It made for a fun game, but it was one we could only play with Adam. Had we attempted our newly discovered hobby on anyone else, which we did, naturally, as children would, we were banished from the property and forbade from returning.

Warren even once went so far as to shoo us away with his rifle – and that is the only reason I remember his name!

Perhaps the scariest part of fleeing from Warren was that we had unconsciously run onto Adam’s property and cowered beneath the back window. After our trembling had ceased, we rose hesitantly to our feet and peered around the side of the home. Warren had vanished, presumably back into his own house, as he’d probably never even left the vicinity of it, and our eyes were drawn all at once to the window. It wasn’t until we’d all looked at it that we realized whose house we had sought refuge behind.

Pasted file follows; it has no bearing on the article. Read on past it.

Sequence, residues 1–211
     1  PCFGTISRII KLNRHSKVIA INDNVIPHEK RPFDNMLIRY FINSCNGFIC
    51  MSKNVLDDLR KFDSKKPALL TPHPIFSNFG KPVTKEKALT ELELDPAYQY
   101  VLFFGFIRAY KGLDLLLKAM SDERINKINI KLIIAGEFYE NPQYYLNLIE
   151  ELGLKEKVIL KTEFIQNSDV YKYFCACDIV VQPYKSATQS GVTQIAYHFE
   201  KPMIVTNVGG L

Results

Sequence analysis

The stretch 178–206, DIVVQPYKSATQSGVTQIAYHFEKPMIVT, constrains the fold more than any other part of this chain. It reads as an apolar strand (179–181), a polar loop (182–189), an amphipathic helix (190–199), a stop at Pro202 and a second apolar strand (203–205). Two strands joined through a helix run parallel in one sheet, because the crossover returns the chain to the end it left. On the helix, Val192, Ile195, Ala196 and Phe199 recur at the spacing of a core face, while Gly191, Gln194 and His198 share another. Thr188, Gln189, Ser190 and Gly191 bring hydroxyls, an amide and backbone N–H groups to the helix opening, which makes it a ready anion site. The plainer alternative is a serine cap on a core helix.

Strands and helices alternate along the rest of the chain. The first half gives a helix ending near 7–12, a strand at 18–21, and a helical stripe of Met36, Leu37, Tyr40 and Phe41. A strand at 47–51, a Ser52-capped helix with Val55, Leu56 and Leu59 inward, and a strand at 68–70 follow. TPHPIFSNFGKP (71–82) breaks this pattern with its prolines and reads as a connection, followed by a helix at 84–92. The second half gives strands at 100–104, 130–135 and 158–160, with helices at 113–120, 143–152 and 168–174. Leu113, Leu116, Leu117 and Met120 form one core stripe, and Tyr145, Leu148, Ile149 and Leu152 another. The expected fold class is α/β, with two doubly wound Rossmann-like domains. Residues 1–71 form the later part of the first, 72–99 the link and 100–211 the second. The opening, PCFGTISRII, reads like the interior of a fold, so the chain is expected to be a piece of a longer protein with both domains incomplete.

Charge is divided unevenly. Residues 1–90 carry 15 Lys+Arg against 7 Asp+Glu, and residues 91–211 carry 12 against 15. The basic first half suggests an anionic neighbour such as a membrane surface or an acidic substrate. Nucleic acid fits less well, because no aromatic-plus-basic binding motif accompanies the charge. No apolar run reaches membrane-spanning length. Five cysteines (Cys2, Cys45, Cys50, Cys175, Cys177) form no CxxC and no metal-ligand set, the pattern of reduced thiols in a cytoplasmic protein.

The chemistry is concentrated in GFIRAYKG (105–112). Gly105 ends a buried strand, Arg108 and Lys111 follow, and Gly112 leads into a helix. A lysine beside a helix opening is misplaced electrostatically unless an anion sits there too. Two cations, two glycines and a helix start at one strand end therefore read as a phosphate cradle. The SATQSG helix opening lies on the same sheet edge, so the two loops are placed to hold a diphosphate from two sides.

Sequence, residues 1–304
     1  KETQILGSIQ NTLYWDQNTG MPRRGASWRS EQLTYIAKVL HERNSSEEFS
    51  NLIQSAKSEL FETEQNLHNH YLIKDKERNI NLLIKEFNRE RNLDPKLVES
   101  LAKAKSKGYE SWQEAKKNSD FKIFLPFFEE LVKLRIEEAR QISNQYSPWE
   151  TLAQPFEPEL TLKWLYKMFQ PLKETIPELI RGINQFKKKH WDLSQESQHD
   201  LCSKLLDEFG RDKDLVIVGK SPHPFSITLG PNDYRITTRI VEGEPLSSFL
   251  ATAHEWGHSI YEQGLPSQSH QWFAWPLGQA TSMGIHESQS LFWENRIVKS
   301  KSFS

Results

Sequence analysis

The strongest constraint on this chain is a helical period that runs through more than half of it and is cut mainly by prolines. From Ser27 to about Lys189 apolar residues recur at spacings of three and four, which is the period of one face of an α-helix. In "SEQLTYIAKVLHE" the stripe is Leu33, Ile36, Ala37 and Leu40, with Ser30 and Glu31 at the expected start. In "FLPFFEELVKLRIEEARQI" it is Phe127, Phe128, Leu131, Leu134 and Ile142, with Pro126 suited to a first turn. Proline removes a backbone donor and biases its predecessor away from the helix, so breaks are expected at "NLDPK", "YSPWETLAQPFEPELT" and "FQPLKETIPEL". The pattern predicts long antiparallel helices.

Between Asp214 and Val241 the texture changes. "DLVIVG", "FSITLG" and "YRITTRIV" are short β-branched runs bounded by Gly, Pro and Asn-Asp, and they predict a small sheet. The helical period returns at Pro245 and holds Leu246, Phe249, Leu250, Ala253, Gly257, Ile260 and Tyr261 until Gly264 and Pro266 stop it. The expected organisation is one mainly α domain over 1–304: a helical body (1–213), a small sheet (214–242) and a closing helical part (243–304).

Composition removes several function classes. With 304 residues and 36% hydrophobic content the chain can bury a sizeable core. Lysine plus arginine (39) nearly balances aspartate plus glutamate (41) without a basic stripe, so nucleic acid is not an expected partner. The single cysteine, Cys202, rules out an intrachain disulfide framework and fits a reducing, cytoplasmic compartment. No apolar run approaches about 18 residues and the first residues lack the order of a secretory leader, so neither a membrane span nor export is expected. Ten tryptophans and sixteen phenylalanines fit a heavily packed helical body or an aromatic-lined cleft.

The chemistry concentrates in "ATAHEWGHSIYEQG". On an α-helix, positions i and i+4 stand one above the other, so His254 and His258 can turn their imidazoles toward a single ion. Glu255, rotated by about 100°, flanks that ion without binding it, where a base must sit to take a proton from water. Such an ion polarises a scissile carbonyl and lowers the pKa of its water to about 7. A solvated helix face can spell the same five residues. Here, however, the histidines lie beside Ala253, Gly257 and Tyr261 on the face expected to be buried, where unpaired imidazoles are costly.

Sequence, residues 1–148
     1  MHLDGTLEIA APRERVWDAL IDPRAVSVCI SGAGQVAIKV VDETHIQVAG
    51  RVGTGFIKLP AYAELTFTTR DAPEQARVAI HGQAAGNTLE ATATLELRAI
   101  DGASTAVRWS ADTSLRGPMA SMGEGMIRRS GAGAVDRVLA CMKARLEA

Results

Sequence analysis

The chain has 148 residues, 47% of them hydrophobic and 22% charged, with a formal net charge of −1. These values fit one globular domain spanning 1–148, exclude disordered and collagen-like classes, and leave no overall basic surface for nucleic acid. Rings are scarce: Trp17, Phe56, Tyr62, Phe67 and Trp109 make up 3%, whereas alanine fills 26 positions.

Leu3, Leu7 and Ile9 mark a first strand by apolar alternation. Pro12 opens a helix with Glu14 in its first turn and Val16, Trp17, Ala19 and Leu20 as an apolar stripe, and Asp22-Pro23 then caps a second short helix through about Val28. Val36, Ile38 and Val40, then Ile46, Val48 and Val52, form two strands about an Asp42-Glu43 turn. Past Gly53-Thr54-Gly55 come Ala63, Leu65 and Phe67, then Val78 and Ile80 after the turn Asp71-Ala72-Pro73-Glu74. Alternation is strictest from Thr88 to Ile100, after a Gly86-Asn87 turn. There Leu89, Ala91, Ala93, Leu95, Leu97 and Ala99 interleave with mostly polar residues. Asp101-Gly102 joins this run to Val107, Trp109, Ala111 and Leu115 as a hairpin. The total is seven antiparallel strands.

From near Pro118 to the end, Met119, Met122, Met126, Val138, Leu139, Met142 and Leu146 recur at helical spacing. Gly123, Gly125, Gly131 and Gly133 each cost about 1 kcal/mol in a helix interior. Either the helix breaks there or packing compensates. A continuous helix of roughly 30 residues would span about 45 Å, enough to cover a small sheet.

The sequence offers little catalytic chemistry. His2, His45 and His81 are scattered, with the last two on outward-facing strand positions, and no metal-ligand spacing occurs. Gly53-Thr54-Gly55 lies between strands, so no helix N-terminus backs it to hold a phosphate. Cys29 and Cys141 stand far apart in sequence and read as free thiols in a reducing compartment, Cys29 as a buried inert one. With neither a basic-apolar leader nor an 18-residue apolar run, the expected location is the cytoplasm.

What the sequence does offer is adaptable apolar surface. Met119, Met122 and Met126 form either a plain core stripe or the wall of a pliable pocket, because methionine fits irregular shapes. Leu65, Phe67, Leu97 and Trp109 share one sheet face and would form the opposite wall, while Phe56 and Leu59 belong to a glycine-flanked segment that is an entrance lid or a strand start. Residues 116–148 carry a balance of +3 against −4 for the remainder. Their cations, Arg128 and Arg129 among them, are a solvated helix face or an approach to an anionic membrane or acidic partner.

Sure enough, there he was, standing slightly hunched forward, fingers converging routinely. His eyes, emotionless and dark, felt and looked as if they were staring directly into yours, but at the same time glaring directly past you. We all felt the same thing, as we shared later, and it brought about a new sense of terror. He had no imperfections about his eyes. Truth be told, I feel that if anything was to be said of them, it be that they were beautiful. That was, until they looked at you.

We could not find the will to move an inch beneath his haunting stare, and so we took the separation of his fingers to be the cue of release, and as soon as it happened, we fled as if we were more terrified by his stare than by Warren’s rifle.